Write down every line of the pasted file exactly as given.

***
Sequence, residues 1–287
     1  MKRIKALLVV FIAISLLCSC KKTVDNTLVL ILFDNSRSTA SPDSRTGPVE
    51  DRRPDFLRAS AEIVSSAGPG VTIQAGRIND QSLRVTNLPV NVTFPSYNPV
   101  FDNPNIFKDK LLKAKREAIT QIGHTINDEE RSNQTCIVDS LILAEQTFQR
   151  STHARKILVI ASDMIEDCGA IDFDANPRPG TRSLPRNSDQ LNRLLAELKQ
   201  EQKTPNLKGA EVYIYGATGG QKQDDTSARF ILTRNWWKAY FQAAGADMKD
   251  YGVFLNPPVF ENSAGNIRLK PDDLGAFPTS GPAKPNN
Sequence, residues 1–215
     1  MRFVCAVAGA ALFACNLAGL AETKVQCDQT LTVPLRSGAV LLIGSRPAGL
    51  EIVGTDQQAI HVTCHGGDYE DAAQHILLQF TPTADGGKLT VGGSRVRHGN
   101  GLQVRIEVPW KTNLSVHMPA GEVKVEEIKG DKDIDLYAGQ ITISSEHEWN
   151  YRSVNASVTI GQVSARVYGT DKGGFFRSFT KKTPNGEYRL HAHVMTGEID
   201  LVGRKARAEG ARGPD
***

Sequence, residues 1–287
     1  MKRIKALLVV FIAISLLCSC KKTVDNTLVL ILFDNSRSTA SPDSRTGPVE
    51  DRRPDFLRAS AEIVSSAGPG VTIQAGRIND QSLRVTNLPV NVTFPSYNPV
   101  FDNPNIFKDK LLKAKREAIT QIGHTINDEE RSNQTCIVDS LILAEQTFQR
   151  STHARKILVI ASDMIEDCGA IDFDANPRPG TRSLPRNSDQ LNRLLAELKQ
   201  EQKTPNLKGA EVYIYGATGG QKQDDTSARF ILTRNWWKAY FQAAGADMKD
   251  YGVFLNPPVF ENSAGNIRLK PDDLGAFPTS GPAKPNN
Sequence, residues 1–215
     1  MRFVCAVAGA ALFACNLAGL AETKVQCDQT LTVPLRSGAV LLIGSRPAGL
    51  EIVGTDQQAI HVTCHGGDYE DAAQHILLQF TPTADGGKLT VGGSRVRHGN
   101  GLQVRIEVPW KTNLSVHMPA GEVKVEEIKG DKDIDLYAGQ ITISSEHEWN
   151  YRSVNASVTI GQVSARVYGT DKGGFFRSFT KKTPNGEYRL HAHVMTGEID
   201  LVGRKARAEG ARGPD